feature length spoof of the gangster rap
of the late 80s and early 90s and the culture that surrounded it. The premise is that three middle class
boys looking to break into the rap music charts adopt the persona of a local gang lord who they think is safely in prison, taking the name CB4
from the cell block in which he is incarcerated. Unfortunately, the gangster, “Gusto
” (Charles Q. Murphy
), based loosely on Nino from New Jack City
, escapes from prison, and sets out to exact revenge on the now wildly successful rappers, to hilarious results. Other characters include a politician (Phil Hartman
) trying to score points by demonizing rap, the group’s producer Trustus Jones
(Williard E. Pugh
), who has shades of Don King
, Sissy (Khandi Alexander
), a bombshell rap groupie
hired by Trustus to debauch the boys, and A. White (Chris Elliot
), a documentarian.
The three members of CB4 are based to varying degrees on the three big stars of the real life group NWA. MC Gusto (Chris Rock) is the Eazy-E character, a little guy with a jheri curl and perpetual smirk. Dead Mike (Allen Payne) is obviously Ice Cube, as his career change takes him from being a gay phone sex operator to a comically black power obsessed rapper, characterized by liberal use of the word “Nubian” and an ever-present con-man spiritual advisor. In one of the funniest bits, Dead Mike’s solo track after the mid-movie break up of CB4 contains only the words “I’m Black” repeated over and over. The group's DJ, Stab Master Arson (Deezer D), has hints of Dr. Dre. Arson cares only about the music and loosing his virginity, and is the least comfortable with his new gangster persona.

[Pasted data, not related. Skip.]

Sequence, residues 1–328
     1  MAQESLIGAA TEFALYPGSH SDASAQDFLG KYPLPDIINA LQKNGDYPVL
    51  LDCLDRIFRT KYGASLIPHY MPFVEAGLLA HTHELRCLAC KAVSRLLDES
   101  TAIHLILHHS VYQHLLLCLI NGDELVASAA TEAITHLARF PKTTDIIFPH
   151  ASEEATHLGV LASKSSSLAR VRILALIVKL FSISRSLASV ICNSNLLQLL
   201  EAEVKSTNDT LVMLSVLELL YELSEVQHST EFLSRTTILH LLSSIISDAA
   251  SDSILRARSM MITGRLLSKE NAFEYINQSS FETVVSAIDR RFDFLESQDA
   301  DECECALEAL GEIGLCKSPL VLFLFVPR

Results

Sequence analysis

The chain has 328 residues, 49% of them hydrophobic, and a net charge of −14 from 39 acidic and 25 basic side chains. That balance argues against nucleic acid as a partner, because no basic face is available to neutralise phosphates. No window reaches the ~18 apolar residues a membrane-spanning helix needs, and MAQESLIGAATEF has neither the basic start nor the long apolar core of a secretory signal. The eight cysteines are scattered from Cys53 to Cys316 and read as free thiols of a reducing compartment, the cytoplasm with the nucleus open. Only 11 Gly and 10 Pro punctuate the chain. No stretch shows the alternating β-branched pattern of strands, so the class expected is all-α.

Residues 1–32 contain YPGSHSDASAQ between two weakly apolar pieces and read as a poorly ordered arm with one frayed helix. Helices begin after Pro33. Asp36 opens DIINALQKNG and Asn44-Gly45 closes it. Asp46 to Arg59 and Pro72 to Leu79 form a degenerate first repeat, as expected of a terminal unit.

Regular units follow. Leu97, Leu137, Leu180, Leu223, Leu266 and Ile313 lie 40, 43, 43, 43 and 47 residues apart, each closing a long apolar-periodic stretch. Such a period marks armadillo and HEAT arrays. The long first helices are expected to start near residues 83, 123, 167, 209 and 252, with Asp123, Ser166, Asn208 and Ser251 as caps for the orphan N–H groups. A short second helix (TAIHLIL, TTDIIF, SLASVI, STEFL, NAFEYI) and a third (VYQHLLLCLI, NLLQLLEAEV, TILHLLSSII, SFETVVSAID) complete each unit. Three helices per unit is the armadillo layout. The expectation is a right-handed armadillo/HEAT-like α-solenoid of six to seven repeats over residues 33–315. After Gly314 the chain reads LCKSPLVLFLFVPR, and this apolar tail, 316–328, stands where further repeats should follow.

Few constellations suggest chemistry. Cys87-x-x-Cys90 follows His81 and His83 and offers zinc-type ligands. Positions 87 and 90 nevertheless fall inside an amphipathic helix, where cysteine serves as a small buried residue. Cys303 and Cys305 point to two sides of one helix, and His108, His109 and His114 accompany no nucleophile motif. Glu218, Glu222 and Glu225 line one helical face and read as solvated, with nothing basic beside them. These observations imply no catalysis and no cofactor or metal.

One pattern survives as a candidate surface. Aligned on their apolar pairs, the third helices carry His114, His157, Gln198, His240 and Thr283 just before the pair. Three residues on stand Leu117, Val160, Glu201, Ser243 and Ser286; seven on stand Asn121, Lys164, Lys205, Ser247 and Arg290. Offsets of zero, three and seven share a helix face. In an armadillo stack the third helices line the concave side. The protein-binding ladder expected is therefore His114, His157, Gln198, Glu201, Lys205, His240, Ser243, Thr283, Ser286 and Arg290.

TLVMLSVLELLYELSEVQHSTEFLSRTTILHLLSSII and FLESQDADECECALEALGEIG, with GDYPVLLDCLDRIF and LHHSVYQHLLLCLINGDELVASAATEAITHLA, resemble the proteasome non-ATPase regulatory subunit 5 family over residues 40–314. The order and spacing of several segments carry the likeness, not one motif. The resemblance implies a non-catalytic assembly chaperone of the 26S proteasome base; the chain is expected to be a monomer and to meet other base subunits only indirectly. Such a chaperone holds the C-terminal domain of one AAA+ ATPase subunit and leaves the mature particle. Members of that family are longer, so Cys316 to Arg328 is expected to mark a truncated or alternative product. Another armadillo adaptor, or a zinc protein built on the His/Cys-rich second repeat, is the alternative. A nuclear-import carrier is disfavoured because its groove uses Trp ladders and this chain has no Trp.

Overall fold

Other references to that era’s culture include Wacky Dee, a simultaneous parody of C+C Music Factory and MC Hammer that stands for the lame, toothless music that competed with gangster rap, Straight Outta Locash, CB4’s big song modeled on NWA’s Straight Outta Compton, and the ‘Pure Piss’ brand of malt liquor that is the group’s drink of choice.
In the end, MC Gusto concludes that he was wrong to promote misogyny and violence and returns to being mild mannered Albert Jones. The movie closes with the group performing Rapper’s Delight, seeming to turn their back on the more controversial gangster style. All in all, a funny romp down memory lane.
Screenplay: Chris Rock and Nelson George
Director: Tamra Davis
Executive Producers: Sean Daniel and Brian Grazer
Producer: Nelson George